But when Ellinor named it to her father, he rather hastily replied that it was all very well for women to ride out whenever they liked—men had something else to do; and then, as he saw her look grave and puzzled, he softened down his abrupt saying by adding that Dunster had been making a fuss about his partner’s non-attendance, and altogether taking a good deal upon himself in a very offensive way, so that he thought it better to go pretty regularly to the office, in order to show him who was master—senior partner, and head of the business, at any rate.
Ellinor sighed a little over her disappointment at her father’s preoccupation, and then forgot her own little regret in anger at Mr. Dunster, who had seemed all along to be a thorn in her father’s side, and had latterly gained some power and authority over him, the exercise of which, Ellinor could not help thinking, was a very impertinent line of conduct from a junior partner, so lately only a paid clerk, to his superior. There was a sense of something wrong in the Ford Bank household for many weeks about this time. Mr. Wilkins was not like himself, and his cheerful ways and careless genial speeches were missed, even on the days when he was not irritable, and evidently uneasy with himself and all about him. The spring was late in coming, and cold rain and sleet made any kind of out-door exercise a trouble and discomfort rather than a bright natural event in the course of the day. All sound of winter gaieties, of assemblies and meets, and jovial dinners, had died away, and the summer pleasures were as yet unthought of. Still Ellinor had a secret perennial source of sunshine in her heart; whenever she thought of Ralph she could not feel much oppression from the present unspoken and indistinct gloom. He loved her; and oh, how she loved him! and perhaps this very next autumn—but that depended on his own success in his profession. After all, if it was not this autumn it would be the next; and with the letters that she received weekly, and the occasional visits that her lover ran down to Hamley to pay Mr. Ness, Ellinor felt as if she would almost prefer the delay of the time when she must leave her father’s for a husband’s roof.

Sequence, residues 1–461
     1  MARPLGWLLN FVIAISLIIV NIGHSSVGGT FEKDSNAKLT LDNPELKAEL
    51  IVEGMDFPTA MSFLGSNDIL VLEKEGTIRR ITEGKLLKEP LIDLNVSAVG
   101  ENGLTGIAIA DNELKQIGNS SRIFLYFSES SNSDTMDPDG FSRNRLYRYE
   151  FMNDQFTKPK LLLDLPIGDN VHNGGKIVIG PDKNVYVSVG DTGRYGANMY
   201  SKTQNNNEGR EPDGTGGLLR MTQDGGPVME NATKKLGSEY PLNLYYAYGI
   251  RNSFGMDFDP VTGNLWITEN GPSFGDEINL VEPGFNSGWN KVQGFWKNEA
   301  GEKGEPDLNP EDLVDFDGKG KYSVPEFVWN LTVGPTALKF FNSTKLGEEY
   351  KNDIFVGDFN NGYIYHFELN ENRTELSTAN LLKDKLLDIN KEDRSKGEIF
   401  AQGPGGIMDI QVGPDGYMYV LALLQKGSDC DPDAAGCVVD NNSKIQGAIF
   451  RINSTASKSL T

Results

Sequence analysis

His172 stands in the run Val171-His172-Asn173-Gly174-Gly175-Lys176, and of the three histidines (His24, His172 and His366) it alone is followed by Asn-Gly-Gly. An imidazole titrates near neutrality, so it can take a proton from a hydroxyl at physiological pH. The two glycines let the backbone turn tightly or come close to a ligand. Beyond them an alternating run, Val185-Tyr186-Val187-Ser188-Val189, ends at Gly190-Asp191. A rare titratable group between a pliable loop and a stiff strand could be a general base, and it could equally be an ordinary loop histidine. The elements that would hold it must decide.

At Easter—just when the heavens and earth were looking their dreariest, for Easter fell very early this year—Mr. Corbet came down. Mr. Wilkins was too busy to see much of him; they were together even less than usual, although not less friendly when they did meet. But to Ellinor the visit was one of unmixed happiness. Hitherto she had always had a little fear mingled up with her love of Mr. Corbet; but his manners were softened, his opinions less decided and abrupt, and his whole treatment of her showed such tenderness, that the young girl basked and revelled in it. One or two of their conversations had reference to their future married life in London; and she then perceived, although it did not jar against her, that her lover had not forgotten his ambition in his love. He tried to inoculate her with something of his own craving for success in life; but it was all in vain: she nestled to him, and told him she did not care to be the Lord Chancellor’s wife—wigs and wool-sacks were not in her line; only if he wished it, she would wish it.